December 10 — PROVO — Unusually warm December temperatures mean people still have time to protect themselves against carbon monoxide poisoning this winter.
Furnaces and other heating elements that burn coal, wood, charcoal, propane or natural gas all produce carbon monoxide (CO), which can collect in a home or garage and cause poisoning. The gas is odorless, which means many people are unknowingly exposed each year. This exposure can bring serious health problems or even death.
Marc Robins, DO, medical director of Hyperbaric Medicine at Utah Valley Regional Medical Center, lists four steps Utah County residents can take to reduce their risk of exposure to carbon monoxide:
1. Schedule check-up for your furnace and hot water heater. It’s important to have all gas-fired furnaces and hot water heaters checked by heating and air conditioning professionals every year.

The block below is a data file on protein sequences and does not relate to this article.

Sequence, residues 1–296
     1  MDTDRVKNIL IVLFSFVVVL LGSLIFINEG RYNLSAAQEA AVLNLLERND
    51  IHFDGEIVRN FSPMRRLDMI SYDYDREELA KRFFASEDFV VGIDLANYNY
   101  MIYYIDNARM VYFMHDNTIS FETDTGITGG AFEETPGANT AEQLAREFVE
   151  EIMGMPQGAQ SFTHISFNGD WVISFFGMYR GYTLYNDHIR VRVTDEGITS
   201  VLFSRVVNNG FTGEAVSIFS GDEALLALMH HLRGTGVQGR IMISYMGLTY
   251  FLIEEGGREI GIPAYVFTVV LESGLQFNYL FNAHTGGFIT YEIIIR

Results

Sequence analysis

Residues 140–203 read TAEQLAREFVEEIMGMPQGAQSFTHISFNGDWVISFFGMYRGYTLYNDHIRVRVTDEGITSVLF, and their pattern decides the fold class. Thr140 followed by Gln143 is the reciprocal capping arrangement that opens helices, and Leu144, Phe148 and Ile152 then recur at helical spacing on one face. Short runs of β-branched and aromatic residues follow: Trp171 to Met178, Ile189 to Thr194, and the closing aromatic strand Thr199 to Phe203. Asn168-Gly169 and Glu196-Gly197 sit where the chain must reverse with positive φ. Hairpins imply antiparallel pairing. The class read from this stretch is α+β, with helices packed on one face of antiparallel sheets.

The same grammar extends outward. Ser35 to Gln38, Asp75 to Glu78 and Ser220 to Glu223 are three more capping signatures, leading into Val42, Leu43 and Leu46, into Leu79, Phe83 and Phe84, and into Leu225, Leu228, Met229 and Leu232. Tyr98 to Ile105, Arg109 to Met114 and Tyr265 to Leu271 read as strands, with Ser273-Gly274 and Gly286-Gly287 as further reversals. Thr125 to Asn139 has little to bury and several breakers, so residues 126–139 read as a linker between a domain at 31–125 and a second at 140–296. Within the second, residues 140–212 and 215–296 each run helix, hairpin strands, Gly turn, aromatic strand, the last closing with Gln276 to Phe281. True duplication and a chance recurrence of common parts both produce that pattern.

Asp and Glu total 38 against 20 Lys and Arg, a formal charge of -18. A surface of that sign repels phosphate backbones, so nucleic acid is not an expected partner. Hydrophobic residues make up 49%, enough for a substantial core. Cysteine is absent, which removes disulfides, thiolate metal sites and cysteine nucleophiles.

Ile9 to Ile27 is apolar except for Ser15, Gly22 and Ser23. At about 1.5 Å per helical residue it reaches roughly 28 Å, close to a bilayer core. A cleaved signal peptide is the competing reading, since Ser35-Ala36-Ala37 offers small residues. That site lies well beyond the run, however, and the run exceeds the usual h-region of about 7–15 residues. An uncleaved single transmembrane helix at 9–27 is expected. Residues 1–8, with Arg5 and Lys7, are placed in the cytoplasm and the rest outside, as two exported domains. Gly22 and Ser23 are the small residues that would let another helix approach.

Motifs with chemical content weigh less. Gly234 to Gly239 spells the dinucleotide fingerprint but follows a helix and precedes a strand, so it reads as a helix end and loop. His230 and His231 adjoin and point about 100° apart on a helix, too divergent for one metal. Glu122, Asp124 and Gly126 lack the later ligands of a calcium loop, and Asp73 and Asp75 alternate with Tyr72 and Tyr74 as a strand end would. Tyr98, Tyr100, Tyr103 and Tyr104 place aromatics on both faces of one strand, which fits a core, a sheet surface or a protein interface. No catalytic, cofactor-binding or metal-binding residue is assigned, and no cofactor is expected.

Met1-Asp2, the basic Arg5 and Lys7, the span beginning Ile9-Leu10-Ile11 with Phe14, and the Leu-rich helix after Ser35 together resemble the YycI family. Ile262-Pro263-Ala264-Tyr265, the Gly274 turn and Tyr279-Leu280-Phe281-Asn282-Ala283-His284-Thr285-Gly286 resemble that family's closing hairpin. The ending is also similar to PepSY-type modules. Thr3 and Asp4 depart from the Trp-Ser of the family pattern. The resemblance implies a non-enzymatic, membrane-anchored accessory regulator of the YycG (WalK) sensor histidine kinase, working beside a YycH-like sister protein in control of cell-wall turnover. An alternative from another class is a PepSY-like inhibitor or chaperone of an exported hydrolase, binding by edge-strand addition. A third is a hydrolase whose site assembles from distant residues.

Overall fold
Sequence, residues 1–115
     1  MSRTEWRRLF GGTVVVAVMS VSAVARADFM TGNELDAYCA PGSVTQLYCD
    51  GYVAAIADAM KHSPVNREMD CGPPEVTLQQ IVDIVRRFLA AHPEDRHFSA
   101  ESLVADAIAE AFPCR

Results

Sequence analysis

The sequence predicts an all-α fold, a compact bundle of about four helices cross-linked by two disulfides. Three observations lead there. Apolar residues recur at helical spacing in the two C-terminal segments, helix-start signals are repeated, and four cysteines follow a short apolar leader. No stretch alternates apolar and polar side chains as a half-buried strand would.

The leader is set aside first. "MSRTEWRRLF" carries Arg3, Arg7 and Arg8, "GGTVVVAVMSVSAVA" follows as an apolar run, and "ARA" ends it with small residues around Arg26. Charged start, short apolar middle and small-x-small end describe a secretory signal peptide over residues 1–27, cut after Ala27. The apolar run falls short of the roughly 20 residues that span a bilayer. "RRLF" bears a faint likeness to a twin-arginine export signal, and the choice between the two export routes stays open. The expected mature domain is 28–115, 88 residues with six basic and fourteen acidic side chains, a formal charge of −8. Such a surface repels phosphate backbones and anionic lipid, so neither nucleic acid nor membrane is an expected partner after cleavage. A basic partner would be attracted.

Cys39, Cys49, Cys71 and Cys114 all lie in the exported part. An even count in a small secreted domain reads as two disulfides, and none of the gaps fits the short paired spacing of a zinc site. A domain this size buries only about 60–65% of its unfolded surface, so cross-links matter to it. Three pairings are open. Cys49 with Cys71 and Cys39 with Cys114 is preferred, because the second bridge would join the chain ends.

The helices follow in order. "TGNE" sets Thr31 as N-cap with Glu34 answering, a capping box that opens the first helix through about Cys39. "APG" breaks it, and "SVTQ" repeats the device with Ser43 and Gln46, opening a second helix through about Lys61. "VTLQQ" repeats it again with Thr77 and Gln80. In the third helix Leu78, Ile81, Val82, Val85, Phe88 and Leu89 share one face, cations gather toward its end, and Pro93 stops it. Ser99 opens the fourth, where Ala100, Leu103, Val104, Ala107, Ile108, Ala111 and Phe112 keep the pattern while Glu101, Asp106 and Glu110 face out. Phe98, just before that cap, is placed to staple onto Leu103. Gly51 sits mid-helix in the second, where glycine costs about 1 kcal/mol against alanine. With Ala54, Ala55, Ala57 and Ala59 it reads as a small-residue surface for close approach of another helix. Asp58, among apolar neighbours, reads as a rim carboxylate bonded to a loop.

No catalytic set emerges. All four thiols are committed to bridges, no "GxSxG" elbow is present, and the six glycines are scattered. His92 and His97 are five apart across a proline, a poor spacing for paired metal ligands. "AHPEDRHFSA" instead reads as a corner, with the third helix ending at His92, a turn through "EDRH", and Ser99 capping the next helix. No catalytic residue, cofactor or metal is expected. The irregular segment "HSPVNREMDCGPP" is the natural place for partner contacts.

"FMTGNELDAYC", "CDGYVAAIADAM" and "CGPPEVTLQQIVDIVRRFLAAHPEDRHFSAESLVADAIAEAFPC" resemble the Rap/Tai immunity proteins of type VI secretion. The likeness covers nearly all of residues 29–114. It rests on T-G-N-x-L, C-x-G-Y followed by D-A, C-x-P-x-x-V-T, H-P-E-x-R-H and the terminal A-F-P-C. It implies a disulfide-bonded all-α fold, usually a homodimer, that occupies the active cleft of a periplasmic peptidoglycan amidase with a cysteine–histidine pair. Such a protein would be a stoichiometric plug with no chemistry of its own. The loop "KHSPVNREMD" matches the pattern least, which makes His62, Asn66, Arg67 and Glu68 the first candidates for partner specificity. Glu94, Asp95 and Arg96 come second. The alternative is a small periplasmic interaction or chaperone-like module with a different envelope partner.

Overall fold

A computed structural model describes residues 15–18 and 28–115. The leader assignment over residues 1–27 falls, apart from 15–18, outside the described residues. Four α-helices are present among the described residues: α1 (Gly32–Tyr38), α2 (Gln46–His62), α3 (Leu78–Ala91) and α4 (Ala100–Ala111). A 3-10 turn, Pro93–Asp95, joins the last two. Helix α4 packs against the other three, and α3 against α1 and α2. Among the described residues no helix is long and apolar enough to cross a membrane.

2. Purchase a carbon monoxide alarm for every home or business. Dr. Robins recommends alarms that meet the UL2034 standard; alarms with a digital display add an additional level of protection.
3. Replace your carbon monoxide alarm every five years and consider bringing one with you when you travel.
4. Learn the symptoms of carbon monoxide poisoning. Exposure can be lethal, sometimes with no advance sign of trouble. Common symptoms at lower levels of exposure include headache, fatigue, confusion, the feeling that something’s not right, dizziness, achiness, and even loss of consciousness. “Be suspicious of carbon monoxide if several people have flu-like symptoms all at once, especially if fever is absent,” Dr. Robins said.
And another clue to watch for: If symptoms lessen when you leave the area. If you experience this situation, evacuate the area immediately and call 911.
Unusually warm December temperatures mean people still have time to protect themselves against carbon monoxide poisoning this winter.